Blogs for July 2019

Antibody treatment can generate microglia-like cells from bone marrow

Tuesday, July 30, 2019 - 10:18
Sox2 antibody expression in induced pluripotent stem cells, ICC

By Jennifer Sokolowski, MD, PhD.

Microglia play important roles in the brain in both homeostatic and pathological conditions, acting to clear debris and dying cells. There is evidence to suggest that microglial dysfunction contributes to neurodegenerative diseases such as Alzheimer's and modulation of microglial activity may be a method to treat such diseases.1 Cell-based therapies represent a novel approach whereby the introduction of microglia that possess the desired phenotype could potentially be...

Optogenetic Control of Mitophagy: AMBRA1 based mitophagy switch

Tuesday, July 23, 2019 - 10:38
sAmbra1 expression and localization to mitochondria in human U-2 OS cell line, ICC

By Christina Towers, PhD

Mitophagy in the Brain

Selective autophagic degradation of damaged mitochondria, known as mitophagy, has been described as a cyto-protective process. Accordingly, defects in mitophagy have been associated with a number of diseases including muscle atrophy, cancer, and multiple neurodegenerative diseases. Defective mitophagy has been best described in neurons, where the accumulation of damaged mitochondria and the resulting increase in...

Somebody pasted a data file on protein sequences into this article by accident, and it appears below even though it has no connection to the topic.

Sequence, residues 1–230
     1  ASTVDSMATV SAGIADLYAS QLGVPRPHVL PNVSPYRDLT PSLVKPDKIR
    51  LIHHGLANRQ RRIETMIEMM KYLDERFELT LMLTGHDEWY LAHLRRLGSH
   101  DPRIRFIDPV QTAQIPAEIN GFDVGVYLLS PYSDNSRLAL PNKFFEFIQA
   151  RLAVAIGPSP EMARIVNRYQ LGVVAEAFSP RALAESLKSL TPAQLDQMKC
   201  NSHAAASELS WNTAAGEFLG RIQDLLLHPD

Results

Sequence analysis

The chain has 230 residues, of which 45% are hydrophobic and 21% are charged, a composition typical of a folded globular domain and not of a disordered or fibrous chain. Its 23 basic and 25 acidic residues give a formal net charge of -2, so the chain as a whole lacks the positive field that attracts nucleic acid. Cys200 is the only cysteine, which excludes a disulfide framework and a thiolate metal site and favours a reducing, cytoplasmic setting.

Deriving neural precursor cells from human induced pluripotent stem cells

Tuesday, July 16, 2019 - 14:16
Sox2 antibody expression in induced pluripotent stem cells, ICC

By Jennifer Sokolowski, MD, PhD.

Human induced pluripotent stem cells (iPSCs) can be used to create models of human organ systems and are useful for a) ascertaining the mechanisms underlying pathological conditions and b) developing and testing therapeutics. For example, studies have used iPSCs from human patients with diseases like Alzheimer's and Parkinson's to test the influence of pathological isoforms of proteins as well as the efficacy of genetic rescue.1,2

Optimized protocols to turn induced pluripotent stem cells...

Stemness is responsible for onset and metastasis of colorectal cancer

Tuesday, July 9, 2019 - 09:58
beta-Catenin expression in mouse colon, IHC

By Jamshed Arslan, Pharm. D., PhD.

Colorectal cancer stem cells are a rare subpopulation of colorectal cancer cells that can self-renew and initiate and sustain tumor growth when transplanted into an animal host.1,2 Colorectal cancer stem cells are identified by CD133, CD166, CD44, nuclear-beta-catenin, ALDH1, EphB2 and...

Blog Topics